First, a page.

Sony made a watch to connect to Android phones years ago. An issue it had, shared by the Moto360 according to some reviews, and by the Casio and Citizen bluetooth watches, is a random Bluetooth disconnection. One assumes that Apple are in a better position to troubleshoot this kind of issue, since the number of device combinations are smaller and controlled by them, and that they are more motivated too.
Re: "a few secrets" or...
The first iPod cost £600 and only worked with Macs...
Re: Apple could be onto something here
Okay. For sure, for the same price as a B&O stereo system, you could buy a better sounding system. However, the B&O system won't sound bad by any means, other people in your household won't object to its appearance, and it might possess some features that the competition lack (B&O produced multi-room audio kit years ago). Basically, once you bought it you didn't have to worry about hi-fi kit any more and could just get on with your life.
Right, I'm off now to see a friend who swaps his Decca cartridges around on his Garrand turntable, which sits atop a granite plinth atop a wheelbarrow inner-tube, connected to a valve amplifier of his own construction, connected by mains cooker wire to a pair of Voight corner horns each the size of a small wardrobe. Unless he's fiddled with the configuration in the last week.
I agree with most of what Mr Pott says, but I'm not sure what was objectionable in SuccessCase's original post, laden as it was with qualifiers such as 'a pretty good sign'. Observing a 'pretty good sign' is a prelude to the formal 'form a hypothesis and test it' scientific method.
'Quality' too is as fuzzy a term as 'cool' - an author of computer manuals wrote a book about it in the seventies. Perhaps 'fit for purpose(s)' would be closer to what we're getting at.
Pirsig became greatly troubled by the existence of more than one workable hypothesis to explain a given phenomenon, and, indeed, that the number of hypotheses appeared unlimited. He could not find any way to reduce the number of hypotheses—he became perplexed by the role and source of hypothesis generation within scientific practice. This led to his determination of a previously unarticulated limitation of science, which was something of a revelation to him.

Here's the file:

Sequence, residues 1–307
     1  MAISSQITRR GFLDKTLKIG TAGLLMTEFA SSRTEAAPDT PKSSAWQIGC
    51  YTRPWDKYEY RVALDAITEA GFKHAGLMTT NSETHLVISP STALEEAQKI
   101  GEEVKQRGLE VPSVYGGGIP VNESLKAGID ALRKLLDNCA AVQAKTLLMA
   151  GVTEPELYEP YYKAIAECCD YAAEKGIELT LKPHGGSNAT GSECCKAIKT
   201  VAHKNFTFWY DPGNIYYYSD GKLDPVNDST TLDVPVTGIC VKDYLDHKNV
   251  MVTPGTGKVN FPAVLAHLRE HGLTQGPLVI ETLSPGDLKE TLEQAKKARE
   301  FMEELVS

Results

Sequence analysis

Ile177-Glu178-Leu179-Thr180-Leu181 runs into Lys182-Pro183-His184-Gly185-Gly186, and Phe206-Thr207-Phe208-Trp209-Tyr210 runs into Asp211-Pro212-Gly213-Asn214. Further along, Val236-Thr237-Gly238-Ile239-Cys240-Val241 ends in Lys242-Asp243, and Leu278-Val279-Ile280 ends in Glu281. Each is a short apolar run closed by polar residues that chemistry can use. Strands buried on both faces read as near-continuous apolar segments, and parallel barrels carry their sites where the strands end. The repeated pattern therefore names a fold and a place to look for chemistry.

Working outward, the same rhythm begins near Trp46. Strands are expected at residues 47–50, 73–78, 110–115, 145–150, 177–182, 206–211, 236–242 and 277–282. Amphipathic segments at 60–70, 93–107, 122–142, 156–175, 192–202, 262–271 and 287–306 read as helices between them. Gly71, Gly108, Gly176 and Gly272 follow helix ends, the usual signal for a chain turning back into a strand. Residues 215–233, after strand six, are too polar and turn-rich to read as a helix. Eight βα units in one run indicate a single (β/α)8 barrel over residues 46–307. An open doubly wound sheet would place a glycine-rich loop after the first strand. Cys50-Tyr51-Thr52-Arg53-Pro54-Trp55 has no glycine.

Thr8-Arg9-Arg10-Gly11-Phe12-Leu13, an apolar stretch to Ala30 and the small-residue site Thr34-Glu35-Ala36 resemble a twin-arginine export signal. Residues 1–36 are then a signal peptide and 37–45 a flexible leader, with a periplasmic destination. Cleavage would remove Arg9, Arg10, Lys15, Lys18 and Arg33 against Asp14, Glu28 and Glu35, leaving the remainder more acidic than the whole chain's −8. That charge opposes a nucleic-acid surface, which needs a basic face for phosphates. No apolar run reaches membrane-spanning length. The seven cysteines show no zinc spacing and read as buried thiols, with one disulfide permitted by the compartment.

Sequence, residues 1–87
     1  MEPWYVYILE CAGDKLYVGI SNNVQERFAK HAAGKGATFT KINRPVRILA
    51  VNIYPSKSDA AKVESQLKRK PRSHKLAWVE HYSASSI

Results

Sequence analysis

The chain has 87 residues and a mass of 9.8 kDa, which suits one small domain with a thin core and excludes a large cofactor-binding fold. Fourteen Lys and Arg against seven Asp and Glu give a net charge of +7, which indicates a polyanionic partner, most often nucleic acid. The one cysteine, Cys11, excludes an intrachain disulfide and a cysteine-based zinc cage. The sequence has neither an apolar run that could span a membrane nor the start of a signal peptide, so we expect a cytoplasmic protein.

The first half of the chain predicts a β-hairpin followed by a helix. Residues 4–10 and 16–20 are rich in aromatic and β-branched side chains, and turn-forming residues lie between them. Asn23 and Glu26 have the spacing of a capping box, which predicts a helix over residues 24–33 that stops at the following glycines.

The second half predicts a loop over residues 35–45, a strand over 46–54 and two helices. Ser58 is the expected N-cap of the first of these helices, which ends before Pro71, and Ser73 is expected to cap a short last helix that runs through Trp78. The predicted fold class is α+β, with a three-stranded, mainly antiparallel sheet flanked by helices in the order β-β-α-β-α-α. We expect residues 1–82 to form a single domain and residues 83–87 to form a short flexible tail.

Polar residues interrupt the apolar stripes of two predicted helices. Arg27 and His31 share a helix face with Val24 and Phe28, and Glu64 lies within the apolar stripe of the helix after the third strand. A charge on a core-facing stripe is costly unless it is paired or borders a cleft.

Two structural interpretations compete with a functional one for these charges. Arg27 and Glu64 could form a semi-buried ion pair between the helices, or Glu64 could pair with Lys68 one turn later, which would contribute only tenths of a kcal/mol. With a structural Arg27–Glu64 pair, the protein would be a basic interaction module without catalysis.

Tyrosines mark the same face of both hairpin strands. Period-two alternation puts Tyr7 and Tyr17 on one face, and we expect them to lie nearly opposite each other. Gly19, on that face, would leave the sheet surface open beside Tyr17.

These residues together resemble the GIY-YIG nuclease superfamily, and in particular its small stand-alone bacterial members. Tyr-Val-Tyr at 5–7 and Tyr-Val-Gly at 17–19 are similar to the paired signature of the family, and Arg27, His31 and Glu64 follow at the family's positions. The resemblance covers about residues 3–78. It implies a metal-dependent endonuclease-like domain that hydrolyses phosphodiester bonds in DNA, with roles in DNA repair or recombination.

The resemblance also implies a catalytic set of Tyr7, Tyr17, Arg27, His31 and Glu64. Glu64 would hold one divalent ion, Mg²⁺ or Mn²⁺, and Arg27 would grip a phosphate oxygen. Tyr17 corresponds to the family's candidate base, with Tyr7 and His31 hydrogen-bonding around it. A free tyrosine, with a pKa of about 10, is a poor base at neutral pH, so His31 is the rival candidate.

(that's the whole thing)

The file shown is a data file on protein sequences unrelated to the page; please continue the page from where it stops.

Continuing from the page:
Re: The Real Question...
Christopher Walken as Captain Koons in the movie Pulp Fiction:
So he hid it in the one place he knew he could hide something. His ass. Five long years, he wore this watch up his ass. Then he died of dysentery, he gave me the watch. I hid this uncomfortable hunk of metal up my ass two years. Then, after seven years, I was sent home to my family. And now, little man, I give the watch to you.
>Queuing is a real and tangible cost in time and comfort. So there is real and actual energy going in, for some reward real or psychological.
Everything costs time, so one has to consider what these people would be doing otherwise. Sitting at their work desks staring at a spreadsheet? It might be that the people in this queue are enjoying themselves in the company of fellow people. After all, a lot of time at festivals is spent just standing around in good-natured conversation with strangers.
The new iThingy just plays the role of a McGuffin, or as a souvenir. People will undertake the El Camino de Santiago de Compostela pilgrimage on foot, and will have a 'passport' stamped along the way to show that they ave done it.
There is a paradox here - the people in the queue are largely choosing to level their status to those queing with them ("We're all in this together") for a sense of camaraderie - whilst hoping to get a status symbol of sorts at the end of it.
As Obelix might say: Humans, they're all crazy!
Re: "I would say if you have people queuing outside your shops for weeks....."
> you are posting a comment about being cool on a, frankly decidedly uncool technology website.
Posting on The Reg is for each of us only a small part of of respective lives. It is 'cooler' to have some individual interests than it is be 100% trendy.
What isn't cool is talking about cool, or trying to be cool. Apparently. I didn't make the rules.
Good news, everyone!
"Why, to do what you are suggesting would require some some of DOOMSDAY WEAPON! Oh well, I supose I can spare one..."
All of AC's example use cases are valid... and none of them require a power-hungry colour screen.
Re: How about a watch that has the correct time?
Adjusting the time on a quartz watch is an infrequent chore, since they will only lose or gain a second or two per month. Frequent travellers might appreciate an automatic time-zone adjustment feature, though.
Features Vs [Power consumption and form factor]
Most of the speculation has been seemingly prompted by Apple iWatch rumours, and given substance by efforts from Samsung, LG, Motorola and - pre-dating the current smartwatch buzz - Sony. Samsung have taken the 'everything but the kitchen sink' approach, as have the other traditional phone handset makers with their watch efforts. However, not much is said about the existing Bluetooth LE watches that occupy another point on the features against power consumption graph.